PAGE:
Gene drives — mechanisms for biased inheritance — have the potential for use in conservation, public health, agriculture, and even biosecurity. However, the potential for population-scale genetic technologies that impact future generations generates significant scientific and societal questions regarding ecological impacts and even biosecurity.
Whether to proceed with such technologies requires input from a wide variety of stakeholders and communities. Keystone is working with the Genetic Biocontrol of Invasive Rodents (GBIRd) project to incorporate stakeholder and community input into gene drive research exploring the feasibility and suitability of the use of gene drives for control of invasive rodents, which threaten island ecologies and biodiversity. In collaboration with researchers at North Carolina State University, Arizona State University, and the Expert & Citizen Assessment of Science and Technology (ECAST), Keystone is conducting interviews and workshops to assess perspectives on the risks and benefits of gene drives in the control of invasive rodents on islands.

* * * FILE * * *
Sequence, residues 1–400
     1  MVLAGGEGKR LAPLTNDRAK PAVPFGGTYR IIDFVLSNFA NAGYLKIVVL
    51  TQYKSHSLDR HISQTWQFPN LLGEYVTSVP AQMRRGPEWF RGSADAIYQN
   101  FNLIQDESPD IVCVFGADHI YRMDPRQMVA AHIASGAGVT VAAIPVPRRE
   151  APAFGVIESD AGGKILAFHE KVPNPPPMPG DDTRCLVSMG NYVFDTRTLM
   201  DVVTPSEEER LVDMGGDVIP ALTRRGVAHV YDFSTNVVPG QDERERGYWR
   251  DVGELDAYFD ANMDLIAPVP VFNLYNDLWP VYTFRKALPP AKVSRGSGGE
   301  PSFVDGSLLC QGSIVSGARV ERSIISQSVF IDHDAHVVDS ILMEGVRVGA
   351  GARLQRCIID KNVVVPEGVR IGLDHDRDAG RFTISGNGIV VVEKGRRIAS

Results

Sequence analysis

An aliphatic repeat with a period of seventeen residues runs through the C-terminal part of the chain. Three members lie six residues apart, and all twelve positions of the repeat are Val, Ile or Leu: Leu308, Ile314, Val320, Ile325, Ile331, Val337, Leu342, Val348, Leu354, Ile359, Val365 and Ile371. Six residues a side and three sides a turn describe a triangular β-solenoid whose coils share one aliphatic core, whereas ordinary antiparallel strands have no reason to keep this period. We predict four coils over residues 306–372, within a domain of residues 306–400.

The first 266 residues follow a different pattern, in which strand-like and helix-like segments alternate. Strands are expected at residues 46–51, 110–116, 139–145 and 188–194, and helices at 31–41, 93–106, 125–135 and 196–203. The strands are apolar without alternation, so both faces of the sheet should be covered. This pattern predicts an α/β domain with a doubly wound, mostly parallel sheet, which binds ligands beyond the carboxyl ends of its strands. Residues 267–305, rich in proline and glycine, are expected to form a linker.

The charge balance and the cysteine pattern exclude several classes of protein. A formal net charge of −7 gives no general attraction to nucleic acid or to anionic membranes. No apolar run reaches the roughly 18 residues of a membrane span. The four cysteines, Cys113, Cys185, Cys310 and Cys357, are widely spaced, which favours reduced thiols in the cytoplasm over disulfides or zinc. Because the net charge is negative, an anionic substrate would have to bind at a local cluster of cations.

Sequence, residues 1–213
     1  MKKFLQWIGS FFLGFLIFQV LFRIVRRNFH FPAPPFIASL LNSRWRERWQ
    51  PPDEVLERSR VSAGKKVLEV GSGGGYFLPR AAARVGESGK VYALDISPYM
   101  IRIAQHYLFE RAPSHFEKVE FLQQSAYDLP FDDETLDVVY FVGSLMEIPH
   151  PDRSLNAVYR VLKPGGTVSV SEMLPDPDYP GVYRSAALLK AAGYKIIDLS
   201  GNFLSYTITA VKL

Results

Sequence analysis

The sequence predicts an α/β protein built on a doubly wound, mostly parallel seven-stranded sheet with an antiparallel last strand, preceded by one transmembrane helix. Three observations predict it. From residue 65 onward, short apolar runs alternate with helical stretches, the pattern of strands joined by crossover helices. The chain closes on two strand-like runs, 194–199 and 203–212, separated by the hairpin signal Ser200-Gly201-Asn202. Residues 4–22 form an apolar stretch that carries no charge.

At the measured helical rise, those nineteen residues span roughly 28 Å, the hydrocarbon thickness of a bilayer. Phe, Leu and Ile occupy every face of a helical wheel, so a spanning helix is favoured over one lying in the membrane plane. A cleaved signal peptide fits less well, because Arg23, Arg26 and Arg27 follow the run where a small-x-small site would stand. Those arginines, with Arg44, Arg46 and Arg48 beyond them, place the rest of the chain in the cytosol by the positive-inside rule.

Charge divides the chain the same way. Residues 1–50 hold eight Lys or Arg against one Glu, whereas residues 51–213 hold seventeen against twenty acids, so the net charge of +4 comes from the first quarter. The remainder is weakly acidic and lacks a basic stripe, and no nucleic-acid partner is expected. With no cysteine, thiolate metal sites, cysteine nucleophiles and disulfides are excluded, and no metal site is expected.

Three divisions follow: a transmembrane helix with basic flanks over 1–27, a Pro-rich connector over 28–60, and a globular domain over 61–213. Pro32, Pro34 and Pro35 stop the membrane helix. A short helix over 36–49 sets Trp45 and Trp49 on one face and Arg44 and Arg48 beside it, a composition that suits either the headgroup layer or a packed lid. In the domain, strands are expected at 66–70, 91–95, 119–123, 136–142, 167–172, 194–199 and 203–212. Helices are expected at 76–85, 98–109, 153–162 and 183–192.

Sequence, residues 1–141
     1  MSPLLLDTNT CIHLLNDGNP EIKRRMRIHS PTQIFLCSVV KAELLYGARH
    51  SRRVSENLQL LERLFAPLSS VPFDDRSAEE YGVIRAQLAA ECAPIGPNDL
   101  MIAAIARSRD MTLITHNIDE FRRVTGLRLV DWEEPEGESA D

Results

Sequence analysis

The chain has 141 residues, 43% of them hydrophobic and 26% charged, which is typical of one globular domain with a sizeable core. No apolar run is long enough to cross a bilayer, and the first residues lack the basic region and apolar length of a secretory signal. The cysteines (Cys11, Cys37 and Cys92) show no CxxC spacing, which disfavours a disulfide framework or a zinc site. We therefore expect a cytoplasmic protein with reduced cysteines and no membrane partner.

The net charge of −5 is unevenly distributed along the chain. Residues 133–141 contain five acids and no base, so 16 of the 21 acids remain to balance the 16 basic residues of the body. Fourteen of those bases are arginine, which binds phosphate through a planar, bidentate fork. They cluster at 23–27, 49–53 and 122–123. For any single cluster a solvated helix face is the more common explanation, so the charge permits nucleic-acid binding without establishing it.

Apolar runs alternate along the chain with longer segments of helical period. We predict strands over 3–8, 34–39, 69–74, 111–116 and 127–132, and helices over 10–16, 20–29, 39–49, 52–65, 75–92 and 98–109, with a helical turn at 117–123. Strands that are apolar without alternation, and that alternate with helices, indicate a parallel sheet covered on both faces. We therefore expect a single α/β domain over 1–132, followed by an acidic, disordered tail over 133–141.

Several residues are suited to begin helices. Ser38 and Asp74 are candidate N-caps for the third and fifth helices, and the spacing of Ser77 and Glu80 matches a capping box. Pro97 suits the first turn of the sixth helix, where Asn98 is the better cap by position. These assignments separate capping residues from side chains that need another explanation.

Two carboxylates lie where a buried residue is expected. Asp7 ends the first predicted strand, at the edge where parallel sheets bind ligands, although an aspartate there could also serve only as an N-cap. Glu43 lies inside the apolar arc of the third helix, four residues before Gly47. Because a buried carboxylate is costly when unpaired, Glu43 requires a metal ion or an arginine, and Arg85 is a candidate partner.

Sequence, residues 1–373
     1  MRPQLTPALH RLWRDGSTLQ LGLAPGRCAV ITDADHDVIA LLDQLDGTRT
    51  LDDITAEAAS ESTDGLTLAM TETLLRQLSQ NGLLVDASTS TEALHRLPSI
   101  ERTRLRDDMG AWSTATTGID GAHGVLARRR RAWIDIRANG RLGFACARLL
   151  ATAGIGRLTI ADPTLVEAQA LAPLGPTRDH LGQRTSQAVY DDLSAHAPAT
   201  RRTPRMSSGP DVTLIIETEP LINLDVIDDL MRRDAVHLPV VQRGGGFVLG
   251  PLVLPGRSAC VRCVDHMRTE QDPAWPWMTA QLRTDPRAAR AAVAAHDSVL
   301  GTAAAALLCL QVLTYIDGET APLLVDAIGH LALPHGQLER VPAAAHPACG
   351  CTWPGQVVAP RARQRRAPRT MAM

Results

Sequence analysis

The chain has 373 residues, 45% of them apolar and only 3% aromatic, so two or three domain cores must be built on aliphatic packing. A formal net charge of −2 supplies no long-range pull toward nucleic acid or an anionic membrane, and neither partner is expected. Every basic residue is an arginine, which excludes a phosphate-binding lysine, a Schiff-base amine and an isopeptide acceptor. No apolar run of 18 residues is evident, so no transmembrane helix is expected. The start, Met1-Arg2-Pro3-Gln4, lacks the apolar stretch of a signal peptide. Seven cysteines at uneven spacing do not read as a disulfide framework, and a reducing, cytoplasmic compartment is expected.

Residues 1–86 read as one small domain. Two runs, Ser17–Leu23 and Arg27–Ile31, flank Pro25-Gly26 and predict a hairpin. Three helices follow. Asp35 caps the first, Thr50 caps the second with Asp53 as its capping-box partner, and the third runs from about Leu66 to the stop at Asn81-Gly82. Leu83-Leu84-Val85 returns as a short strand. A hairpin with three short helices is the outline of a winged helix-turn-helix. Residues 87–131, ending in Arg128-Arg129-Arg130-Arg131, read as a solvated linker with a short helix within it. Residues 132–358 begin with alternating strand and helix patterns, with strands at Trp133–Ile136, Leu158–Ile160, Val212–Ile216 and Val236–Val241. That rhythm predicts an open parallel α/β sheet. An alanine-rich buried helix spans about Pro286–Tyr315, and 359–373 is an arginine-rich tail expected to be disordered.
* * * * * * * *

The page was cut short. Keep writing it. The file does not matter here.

GBIRd is a partnership among universities, government, and nonprofit organizations that brings together geneticists, evolutionary biologists, ethicists, risk assessors, math modelers, regulatory experts, social scientists, and conservation professionals. GBIRd is funded by multiple sources; Keystone’s stakeholder engagement work for this project is funded through a grant to North Carolina State University by the Defense Advance Research Projects Agency (DARPA). As with all of its efforts, Keystone approaches this effort from a position of independence with a goal of understanding the range of stakeholder perspectives;
Keystone does not advocate for a specific outcome regarding the use of gene drives.